At first look ALTDEUS: Beyond Chronos appears to be an anime VR mech game with a branching story, on closer inspection though I found it to be mainly a visual novel with very little “game” to be found. Let’s dive in.
You play as Chloe, a human that’s been genetically engineered to pilot a mech in the defence of A.T. City, humanity’s last standing underground stronghold. What is Chloe like as a character? Let’s just say if she were in Snow White, she’d be a perfect Grumpy.
Chloe’s standoff nature at social events doesn’t like celebrating with squadmates after a successful mission and is only interested in the next fight with the Meteoras, that’s the mysterious enemy that’s driven humans underground, it makes an interesting contrast with her AI assistant Noa, who follows you almost everywhere with a cheery disposition.
The VR connection in ALTDEUS: Beyond Chronos
VR is relatively new, and so studios are still experimenting with it, there is no official “rule book” on what makes a good VR game but I think player immersion is a reasonable starting point. I’ve seen studio’s take full advantage of the technology, enhancing the player’s connection to the game’s world through their senses, I’ve also seen others who’ve built an entire control system that disconnects players from the game entirely, unfortunately, ALTDEUS: Beyond Chronos appears to be the latter side of this.
Players can’t choose to navigate the environment, during story sections, the game automatically moves you from place to place using a standard “blink” teleport system, any notion of exploration or submersion into the world is abandoned. You can point and interact with objects to get some further reading but a loading circle is needed every time, making the game drag on at a snail’s pace, you eventually learn this is less of a game and more of a story experience.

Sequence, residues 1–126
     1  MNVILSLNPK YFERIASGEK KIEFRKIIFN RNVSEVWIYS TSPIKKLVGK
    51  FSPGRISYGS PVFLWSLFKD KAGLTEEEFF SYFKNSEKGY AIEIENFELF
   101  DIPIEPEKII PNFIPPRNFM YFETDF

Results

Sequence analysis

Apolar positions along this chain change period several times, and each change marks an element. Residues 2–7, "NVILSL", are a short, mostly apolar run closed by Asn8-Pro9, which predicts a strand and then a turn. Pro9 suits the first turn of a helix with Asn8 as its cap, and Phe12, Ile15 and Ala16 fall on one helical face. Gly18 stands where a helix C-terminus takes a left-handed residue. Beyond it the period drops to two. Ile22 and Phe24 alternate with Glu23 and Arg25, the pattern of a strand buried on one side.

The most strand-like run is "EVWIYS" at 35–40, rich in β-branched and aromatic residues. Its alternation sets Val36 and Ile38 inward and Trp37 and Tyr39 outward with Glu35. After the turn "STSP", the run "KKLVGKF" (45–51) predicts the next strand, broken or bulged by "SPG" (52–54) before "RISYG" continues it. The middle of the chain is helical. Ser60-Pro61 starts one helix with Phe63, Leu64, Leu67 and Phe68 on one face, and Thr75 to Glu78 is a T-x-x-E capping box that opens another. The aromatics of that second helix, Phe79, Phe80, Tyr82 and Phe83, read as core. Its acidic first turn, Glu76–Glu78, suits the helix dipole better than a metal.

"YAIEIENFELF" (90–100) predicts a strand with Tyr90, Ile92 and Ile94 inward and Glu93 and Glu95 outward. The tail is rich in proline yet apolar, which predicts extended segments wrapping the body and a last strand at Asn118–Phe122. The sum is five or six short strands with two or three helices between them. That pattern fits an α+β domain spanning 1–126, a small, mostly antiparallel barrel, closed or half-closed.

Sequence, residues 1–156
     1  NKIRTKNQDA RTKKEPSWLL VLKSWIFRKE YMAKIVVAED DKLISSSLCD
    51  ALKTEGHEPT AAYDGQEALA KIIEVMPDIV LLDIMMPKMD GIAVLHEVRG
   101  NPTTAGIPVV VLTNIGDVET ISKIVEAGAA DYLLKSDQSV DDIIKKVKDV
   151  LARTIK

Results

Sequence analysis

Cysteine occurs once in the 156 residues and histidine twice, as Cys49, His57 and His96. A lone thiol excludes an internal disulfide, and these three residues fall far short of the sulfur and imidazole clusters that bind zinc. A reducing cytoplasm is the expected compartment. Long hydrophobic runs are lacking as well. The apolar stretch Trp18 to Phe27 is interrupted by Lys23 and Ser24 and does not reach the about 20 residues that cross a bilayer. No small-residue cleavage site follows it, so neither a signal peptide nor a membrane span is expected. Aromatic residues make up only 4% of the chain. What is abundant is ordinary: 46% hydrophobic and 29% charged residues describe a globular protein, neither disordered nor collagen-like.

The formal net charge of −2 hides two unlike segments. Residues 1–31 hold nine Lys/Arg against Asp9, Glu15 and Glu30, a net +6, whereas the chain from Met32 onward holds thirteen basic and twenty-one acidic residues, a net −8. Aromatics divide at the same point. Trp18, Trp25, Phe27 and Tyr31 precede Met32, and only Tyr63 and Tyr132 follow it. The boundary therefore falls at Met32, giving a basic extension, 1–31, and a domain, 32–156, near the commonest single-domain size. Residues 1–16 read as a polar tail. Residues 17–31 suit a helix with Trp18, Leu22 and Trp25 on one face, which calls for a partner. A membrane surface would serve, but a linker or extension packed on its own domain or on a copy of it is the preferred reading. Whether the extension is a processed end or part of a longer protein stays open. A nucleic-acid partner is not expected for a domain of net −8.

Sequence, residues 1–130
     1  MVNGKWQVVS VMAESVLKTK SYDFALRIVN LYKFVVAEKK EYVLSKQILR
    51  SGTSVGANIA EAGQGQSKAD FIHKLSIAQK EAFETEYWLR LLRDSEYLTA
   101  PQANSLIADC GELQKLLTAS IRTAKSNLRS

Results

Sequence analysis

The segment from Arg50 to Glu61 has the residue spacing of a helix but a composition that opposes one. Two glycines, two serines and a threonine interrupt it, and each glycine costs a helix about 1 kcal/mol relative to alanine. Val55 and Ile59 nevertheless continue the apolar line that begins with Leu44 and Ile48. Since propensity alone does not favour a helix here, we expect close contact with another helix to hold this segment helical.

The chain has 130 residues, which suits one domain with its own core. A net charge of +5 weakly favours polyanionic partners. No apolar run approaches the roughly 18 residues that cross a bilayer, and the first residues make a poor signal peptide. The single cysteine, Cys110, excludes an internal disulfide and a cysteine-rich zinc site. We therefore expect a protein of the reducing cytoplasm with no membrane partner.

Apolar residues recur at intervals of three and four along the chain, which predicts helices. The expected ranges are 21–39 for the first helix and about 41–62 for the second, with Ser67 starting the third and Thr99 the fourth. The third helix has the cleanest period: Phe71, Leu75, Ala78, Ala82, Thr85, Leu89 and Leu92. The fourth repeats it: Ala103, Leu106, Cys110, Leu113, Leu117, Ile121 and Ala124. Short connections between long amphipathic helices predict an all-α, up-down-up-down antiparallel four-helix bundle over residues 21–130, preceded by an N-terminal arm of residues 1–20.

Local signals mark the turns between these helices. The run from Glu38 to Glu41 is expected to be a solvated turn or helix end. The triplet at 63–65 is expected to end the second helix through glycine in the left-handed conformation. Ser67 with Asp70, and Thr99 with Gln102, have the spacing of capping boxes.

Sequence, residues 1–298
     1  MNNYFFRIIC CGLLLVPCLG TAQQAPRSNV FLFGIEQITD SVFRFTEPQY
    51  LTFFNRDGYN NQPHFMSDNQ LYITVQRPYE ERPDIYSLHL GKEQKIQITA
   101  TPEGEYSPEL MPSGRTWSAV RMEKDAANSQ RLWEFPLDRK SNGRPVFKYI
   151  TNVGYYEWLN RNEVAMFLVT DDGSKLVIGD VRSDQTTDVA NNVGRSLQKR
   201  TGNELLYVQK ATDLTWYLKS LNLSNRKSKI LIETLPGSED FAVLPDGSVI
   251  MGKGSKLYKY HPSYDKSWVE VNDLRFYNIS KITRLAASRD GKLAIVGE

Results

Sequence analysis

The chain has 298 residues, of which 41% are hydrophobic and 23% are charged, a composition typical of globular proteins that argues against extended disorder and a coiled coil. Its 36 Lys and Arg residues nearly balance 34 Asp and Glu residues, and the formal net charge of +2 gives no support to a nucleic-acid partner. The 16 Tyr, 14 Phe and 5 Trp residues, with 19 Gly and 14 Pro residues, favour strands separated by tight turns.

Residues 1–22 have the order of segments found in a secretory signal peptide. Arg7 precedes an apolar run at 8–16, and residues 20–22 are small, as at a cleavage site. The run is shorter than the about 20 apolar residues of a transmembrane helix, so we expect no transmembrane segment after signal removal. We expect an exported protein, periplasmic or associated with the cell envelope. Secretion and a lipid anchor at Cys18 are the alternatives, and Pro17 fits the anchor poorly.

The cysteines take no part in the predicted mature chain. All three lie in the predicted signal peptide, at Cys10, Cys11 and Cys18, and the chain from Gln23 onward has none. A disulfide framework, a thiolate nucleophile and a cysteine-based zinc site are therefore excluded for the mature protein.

Combat is scripted, you don’t actually feel like you piloting a powerful mech in the defence of humanity, ironically you feel like your sitting at a console pressing buttons while a screen in the background plays a disconnected movie, any illusion that would normally draw you into the game is just not present. I honestly found myself wondering why the game is using VR at all.
The themes of ALTDEUS: Beyond Chronos
The strength of the game is definitely in its writing, what I thought would be a generic sci-fi story began adding themes of philosophy, reality, and social commentary on state surveillance of all things.
The underground city of A.T. is, in itself, a semi-virtual world, the real city is a grey dystopian setting, no colour, no vibrance, the sky nothing more than a panelled dome. Citizens hide from this truth using an augmented reality called “textures”, when looking at a cold lifeless street they see neon advertisements, green trees, and crowds chatting away in the background, the lifeless dome ceiling is replaced with a night sky of vibrant stars. In a way it explores the same idea’s found in The Matrix (1999), would you rather live in the real world or a comforting lie?
Noa, the ever-playful AI, seems to follow you everywhere, monitoring your condition, trying to keep you happy, you quickly learn she keeps adapting her programming to be more human, her goal, to learn more about how humans think and experience the world, to better meet our needs, but there is something unnerving about a program monitoring your every action, its learning process coming close to influencing through social engineering.
At its heart, ALTDEUS: Beyond Chronos is a choose-your-own-adventure game that’s very light on the VR. The story takes some 3 hours to complete and replaying the various story branches adds about 10 hours to the total game time. Apart from the few noticeable anime tropes that are to be expected, it’s a worthwhile story experience.
Just don’t go into this game expecting a lot of combat or action, It’s a slow-paced story, not a Gundam.